DHL has introduced a three-stage modular process for new vehicle launches that it says covers the entire product launch cycle from prototype to marketing and can reduce to a minimum the supply chain incidents that occur along the way.

At a special DHL Automotive meeting held in Paris, France last week, Fathi Tlatli, DHL’s president, Global Sector Automotive, acknowledged that there was demand for speeding up development and production processes, as well as market entry for new vehicles. This he said had to be achieved through a connected and streamlined process that would benefit the carmaker by addressing the cost and complexity associated with launches.

The first module in the new service supports the preproduction of model developments, such as specialized packaging of prototypes, customs clearance and secure transport. DHL also organises inbound material and in-plant logistics. Finally, in the launch phase it handles communication, including direct mailings, as well as the confidential movement of the exhibition cars for test events and press presentations.

“Product launches in the automotive sector are complex and cost-intensive,” said Tlatli. “The average time from the first sketch of a car to market entry is two to three years and requires a precise synchronization amongst several involved parties, more often not located even on the same continent.”

Logistics providers need to be involved with the carmaker from the start as it promoted cost efficiency. However, logistics is not often represented early enough according to Tlatli.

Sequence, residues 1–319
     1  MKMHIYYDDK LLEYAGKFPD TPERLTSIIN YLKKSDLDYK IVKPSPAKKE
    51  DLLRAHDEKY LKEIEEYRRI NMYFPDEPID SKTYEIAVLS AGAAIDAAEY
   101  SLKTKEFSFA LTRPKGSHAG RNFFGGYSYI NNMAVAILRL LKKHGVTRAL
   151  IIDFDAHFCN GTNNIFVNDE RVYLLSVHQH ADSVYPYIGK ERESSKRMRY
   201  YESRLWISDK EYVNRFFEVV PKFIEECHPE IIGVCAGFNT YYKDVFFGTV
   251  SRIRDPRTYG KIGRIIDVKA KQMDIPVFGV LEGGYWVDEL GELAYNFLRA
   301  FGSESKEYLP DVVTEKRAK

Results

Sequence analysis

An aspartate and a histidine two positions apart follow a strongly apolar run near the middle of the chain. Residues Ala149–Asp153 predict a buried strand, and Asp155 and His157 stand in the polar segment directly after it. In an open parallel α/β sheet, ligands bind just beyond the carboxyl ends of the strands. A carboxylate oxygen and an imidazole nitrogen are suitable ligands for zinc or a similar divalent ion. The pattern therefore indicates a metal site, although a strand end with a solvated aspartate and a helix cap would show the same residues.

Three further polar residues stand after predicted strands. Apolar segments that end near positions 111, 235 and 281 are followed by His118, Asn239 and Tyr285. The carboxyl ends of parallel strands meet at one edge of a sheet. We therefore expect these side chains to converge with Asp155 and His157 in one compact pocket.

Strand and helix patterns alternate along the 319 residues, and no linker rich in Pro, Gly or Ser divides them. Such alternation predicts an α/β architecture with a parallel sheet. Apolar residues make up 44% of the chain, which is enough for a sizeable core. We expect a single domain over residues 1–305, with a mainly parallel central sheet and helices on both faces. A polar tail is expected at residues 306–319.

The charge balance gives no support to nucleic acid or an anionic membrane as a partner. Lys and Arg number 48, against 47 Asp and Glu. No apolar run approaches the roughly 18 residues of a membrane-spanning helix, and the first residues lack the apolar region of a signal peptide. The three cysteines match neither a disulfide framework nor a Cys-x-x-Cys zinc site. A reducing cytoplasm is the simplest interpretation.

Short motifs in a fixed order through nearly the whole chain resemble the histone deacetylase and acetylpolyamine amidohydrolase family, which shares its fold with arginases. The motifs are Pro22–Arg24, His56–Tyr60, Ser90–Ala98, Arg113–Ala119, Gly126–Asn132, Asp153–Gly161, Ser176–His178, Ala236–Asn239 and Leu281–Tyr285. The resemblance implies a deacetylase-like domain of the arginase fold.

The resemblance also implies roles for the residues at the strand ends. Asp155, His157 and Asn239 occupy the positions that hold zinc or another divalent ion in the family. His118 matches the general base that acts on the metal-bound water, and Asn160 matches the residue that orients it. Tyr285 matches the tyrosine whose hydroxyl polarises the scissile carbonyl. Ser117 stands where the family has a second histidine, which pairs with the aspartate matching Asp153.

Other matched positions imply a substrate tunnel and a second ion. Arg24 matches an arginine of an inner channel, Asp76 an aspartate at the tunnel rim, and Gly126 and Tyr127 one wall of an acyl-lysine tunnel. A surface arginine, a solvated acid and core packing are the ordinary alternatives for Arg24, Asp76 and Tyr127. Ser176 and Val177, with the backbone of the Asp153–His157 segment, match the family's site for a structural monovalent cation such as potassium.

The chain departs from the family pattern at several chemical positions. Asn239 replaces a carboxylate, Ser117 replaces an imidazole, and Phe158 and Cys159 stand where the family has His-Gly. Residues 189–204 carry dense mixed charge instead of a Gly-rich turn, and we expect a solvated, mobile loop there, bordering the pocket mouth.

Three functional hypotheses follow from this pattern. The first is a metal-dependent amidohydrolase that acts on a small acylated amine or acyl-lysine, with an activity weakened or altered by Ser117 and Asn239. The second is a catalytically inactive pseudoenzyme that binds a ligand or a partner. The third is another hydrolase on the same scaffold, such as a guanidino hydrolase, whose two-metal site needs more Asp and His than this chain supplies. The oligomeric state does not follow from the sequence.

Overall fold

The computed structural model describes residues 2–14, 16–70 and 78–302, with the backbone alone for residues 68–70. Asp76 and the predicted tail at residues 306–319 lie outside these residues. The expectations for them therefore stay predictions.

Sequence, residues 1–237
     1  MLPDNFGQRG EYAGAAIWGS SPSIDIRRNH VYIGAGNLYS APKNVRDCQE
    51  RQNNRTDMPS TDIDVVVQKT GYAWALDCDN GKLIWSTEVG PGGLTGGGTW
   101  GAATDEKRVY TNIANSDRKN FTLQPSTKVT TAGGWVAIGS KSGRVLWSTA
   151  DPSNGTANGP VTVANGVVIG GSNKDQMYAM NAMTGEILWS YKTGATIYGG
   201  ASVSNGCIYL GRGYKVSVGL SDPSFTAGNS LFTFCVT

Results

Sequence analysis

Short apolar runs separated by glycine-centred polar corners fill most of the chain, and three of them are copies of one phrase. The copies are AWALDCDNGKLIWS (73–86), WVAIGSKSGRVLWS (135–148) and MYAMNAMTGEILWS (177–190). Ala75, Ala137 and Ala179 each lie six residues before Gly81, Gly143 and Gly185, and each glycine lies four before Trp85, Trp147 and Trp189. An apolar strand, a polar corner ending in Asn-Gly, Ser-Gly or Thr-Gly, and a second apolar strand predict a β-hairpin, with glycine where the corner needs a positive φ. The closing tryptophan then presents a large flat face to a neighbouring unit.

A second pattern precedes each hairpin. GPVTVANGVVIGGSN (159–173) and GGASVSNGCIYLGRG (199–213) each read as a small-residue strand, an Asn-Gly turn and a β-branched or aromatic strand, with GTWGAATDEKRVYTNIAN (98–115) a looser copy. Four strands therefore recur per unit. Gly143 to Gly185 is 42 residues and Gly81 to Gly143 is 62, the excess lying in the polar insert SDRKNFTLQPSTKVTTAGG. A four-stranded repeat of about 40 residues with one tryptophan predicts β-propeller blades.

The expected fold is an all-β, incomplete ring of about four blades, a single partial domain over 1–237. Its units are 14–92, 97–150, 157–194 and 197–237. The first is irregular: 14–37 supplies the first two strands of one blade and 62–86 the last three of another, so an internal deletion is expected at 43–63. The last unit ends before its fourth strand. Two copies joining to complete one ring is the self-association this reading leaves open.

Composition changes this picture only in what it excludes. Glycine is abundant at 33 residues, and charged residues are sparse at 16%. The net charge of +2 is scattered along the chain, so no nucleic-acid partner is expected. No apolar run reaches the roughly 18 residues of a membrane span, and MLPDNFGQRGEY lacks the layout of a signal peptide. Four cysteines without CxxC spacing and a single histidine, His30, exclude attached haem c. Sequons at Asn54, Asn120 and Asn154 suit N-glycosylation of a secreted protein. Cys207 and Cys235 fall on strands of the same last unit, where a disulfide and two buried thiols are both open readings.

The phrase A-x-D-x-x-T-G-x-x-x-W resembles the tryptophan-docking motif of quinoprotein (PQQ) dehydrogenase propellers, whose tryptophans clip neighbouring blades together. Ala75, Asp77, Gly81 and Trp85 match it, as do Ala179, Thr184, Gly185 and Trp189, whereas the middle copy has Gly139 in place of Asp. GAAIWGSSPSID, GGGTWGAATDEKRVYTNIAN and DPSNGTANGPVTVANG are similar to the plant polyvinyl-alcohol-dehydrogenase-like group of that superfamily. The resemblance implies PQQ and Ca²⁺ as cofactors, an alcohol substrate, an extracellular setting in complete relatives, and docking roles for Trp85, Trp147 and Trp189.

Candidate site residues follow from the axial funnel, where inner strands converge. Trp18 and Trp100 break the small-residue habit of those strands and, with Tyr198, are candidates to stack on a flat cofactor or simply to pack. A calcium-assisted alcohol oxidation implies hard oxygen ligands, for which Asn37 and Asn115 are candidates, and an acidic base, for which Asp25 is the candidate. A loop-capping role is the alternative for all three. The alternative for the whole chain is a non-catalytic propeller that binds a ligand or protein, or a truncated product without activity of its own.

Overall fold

“The design of delivery up to the dealer should be totally integrated in the supply chain,” he said, adding that even when a logistics provider is involved on a prototype it can be two years before it is consulted again for preproduction, by which time it has lost touch with parts of the process.

With the new service customers can build an individualized service based on independent modules or combine all of them in the service of full vehicle development process ahead of full volume production. In this way they can be practical and proactive, and avoid knee-jerk reactions that can be costly in their over compensation according to Tlatli.

“For the first time we have worked on a solution to integrate the process from prototypes to the marketing of the event,” he said. “We believe we can really improve the supply chain of these launches and do it in a way that is more cost effective if the approach is integrated.”